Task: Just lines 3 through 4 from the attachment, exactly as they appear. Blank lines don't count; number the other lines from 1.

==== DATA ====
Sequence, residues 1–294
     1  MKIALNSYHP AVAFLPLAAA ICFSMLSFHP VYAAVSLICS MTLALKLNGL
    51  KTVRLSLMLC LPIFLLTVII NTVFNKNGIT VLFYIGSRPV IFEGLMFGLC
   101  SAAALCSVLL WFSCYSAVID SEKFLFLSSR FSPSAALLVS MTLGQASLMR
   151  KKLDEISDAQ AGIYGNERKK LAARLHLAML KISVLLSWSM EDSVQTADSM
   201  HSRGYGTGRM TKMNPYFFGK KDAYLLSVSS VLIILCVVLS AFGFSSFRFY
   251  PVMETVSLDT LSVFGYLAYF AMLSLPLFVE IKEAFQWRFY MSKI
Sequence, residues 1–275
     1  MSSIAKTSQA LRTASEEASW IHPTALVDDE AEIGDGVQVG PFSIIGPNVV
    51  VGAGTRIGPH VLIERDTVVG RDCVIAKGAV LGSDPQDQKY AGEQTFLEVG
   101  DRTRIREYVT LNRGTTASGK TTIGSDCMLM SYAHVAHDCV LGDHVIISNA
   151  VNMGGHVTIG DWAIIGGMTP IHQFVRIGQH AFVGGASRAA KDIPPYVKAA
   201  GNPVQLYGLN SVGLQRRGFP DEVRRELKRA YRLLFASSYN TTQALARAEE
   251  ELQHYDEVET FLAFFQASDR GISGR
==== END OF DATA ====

    51  KTVRLSLMLC LPIFLLTVII NTVFNKNGIT VLFYIGSRPV IFEGLMFGLC
   101  SAAALCSVLL WFSCYSAVID SEKFLFLSSR FSPSAALLVS MTLGQASLMR